Stay home in Aspen: Free Rosetta Stone language courses, thousands of movies, e-books, e-magazines available through the Pitkin County Library’s website
HOW TO CONNECT
The Pitkin County Library closed on March 15 due to coronavirus, but its staff remains on hand to take phone calls at 970.429.1900 to answer any questions about using its abundant online resources.
• Have a library card? Enter the number to sign in at pitcolib.org
• Is your card expired or blocked? The library will renew it for you over the phone.
• Digital apps and resources are listed under the “Download and Stream” tab.
• Some of the library’s apps require you to download them and create an account and pin number, but they’re all free.
You’re staying home during the coronavirus outbreak and, by now, you’ve realized you need to turn off the news for a while. Maybe you’ve spent 30 minutes scrolling through your Netflix queue again with nothing you want to watch. Or you need to unwind after a weird day of working from home. You’ve run out of social distancing-friendly activities for your kids. The wake-and-bake is getting boring.
Whatever your situation, the Pitkin County Library, though it closed to the public March 15, can still be a portal to escape or enlightenment (or both) during Aspen’s community-wide hunker-down.
Its online offerings are massive and free, granting access to more than 100 resources for experiences that extend far beyond e-books. It turns out your library card is a ticket to tens of thousands movies and TV shows, and to any Rosetta Stone or Great Courses series you want to try.
If you don’t have a library card, you can get one over the phone during the public health emergency. Likewise if your card is expired.
Also, no need to worry if you do have a card and you owe late fees. The library board, on March 11, voted to no longer charge overdue fines and to waive any fines on record. You still may have to pay for lost items, but not right now.
“The library needs to be reimbursed for items that are lost, but staff can take a verbal pledge from a person if they can’t get into the library to pay up during these peculiar times,” said library director Kathy Chandler.
These are some of the highlights of resources on the library’s website:
Been meaning to learn a new language? Or brush up on one? Been put off by the hefty Rosetta Stone price tag? The language courses for more than 20 languages are free through the library’s site. A complete course takes about 40 to 50 hours.
Your library card is an all-access pass to the popular Great Courses series, which includes some 700 audio and video courses from leading college professors and experts. Just about anything you’ve ever wanted to know about is covered, from algebra and “The Art of Investing” to “Cooking with Vegetables” and “The Psychology of Performance.” Here you can take a 24-lecture course on Beethoven’s piano sonatas or on dog training, seriously something for everyone.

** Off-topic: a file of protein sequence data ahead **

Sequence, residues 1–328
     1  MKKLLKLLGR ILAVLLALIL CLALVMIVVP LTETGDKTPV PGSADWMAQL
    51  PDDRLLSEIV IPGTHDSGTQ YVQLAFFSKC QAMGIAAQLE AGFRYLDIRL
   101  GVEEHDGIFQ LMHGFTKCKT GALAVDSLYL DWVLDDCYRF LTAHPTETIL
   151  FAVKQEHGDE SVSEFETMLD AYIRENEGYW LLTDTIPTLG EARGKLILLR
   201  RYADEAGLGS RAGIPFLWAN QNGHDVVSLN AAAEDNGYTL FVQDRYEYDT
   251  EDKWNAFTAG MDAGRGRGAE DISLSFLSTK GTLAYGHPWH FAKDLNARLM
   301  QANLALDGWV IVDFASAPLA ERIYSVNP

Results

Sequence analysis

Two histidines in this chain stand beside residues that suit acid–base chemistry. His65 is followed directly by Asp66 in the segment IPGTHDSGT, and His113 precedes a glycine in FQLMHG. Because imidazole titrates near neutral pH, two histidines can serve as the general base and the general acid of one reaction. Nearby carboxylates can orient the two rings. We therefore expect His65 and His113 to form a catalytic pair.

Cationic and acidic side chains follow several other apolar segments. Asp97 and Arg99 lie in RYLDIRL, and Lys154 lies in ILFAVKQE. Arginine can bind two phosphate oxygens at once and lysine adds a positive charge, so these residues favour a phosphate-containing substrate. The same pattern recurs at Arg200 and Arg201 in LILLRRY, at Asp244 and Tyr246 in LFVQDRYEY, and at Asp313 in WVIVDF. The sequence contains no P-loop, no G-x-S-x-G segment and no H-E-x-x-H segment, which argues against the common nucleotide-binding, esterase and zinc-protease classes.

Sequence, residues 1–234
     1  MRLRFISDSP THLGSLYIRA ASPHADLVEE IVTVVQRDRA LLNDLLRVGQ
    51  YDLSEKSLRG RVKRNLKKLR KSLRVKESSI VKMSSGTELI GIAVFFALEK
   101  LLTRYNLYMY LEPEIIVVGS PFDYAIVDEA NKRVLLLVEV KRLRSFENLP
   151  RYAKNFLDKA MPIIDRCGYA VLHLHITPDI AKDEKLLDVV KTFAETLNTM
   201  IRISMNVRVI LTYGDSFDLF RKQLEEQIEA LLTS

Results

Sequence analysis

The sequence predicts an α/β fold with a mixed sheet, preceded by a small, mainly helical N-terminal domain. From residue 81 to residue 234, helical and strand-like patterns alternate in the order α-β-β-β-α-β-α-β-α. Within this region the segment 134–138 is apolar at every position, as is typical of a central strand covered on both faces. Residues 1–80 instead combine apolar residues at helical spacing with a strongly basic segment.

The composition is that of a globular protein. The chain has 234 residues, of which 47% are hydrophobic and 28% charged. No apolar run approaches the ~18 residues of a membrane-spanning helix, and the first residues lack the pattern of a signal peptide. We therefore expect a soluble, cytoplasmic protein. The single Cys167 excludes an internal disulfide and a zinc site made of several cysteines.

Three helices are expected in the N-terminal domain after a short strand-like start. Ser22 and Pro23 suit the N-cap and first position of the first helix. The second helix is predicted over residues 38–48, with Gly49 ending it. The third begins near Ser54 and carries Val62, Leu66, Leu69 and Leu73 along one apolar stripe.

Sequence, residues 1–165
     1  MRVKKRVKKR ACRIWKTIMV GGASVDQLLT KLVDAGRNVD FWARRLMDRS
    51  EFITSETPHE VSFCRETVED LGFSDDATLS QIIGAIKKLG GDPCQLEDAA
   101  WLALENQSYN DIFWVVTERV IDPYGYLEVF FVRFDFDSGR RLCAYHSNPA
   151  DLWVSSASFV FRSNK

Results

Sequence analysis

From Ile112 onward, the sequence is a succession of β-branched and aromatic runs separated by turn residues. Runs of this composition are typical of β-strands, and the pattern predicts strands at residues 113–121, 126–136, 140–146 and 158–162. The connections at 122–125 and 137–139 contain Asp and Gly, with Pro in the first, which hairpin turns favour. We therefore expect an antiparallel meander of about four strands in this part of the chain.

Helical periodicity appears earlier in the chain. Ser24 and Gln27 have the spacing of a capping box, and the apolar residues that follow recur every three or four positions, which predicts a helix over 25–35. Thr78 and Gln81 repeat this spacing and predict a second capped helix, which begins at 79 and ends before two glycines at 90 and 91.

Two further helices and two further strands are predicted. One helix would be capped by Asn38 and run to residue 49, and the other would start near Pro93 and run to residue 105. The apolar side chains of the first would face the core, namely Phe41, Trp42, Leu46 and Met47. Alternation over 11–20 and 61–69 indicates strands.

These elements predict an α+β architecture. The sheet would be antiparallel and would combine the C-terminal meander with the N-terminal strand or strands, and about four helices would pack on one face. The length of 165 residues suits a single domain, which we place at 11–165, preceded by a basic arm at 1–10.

FOR KIDS & TEENS
Two apps, Hoopla and Overdrive, has a massive library of e-books for young readers with more than 350,000 titles. The library has extensive recommended reading lists on its site to help you wade through and make a pick.
Hoopla also provides more than 82,000 audiobooks, 18,000 comics, 14,000 movies and 2,300 TV shows. That’s in addition to the e-book and audiobook offerings in the Overdrive Digital Collection, with more than 29,000 titles.
For younger kids — and for parents of toddlers who’ve run out of things to do — TumbleBooks is a treasure trove specifically for non-readers and beginning readers. It provides read-along services, reading games along with audio and video versions of books.
FOR COLLEGE STUDENTS
Home unexpectedly from school and doing distance learning for the first time? Need research to write papers and prep for finals? Check out the Morningstar and Ebsco apps, where the full text of thousands of academic journals and magazines are archived for academic research.
Kanopy has more than 23,500 movies in a curated collection of critically acclaimed indies, documentaries and foreign titles, from recent greats like “Moonlight” and “Lady Bird” to classics like “The Seven Samurai” and “Chinatown.”
The apps Flipster and RB Digital host e-editions of some 3,800 editions of current magazines, from The Advocate to Zest, and including popular magazines like Wired and The Economist. The best part of this collection may be that all the magazines on there (for now) are pre-pandemic. So it’s a serene oasis of reading about your favorite topics without the latest bad news.
If you have any and you dare to look right now, Value Line and Morningstar allow you to track investments.
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